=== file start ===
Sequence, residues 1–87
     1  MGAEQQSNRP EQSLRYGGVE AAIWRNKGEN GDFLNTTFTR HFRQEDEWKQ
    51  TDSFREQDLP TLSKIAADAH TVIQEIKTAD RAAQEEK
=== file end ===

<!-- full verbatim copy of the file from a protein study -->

Sequence, residues 1–87
     1  MGAEQQSNRP EQSLRYGGVE AAIWRNKGEN GDFLNTTFTR HFRQEDEWKQ
    51  TDSFREQDLP TLSKIAADAH TVIQEIKTAD RAAQEEK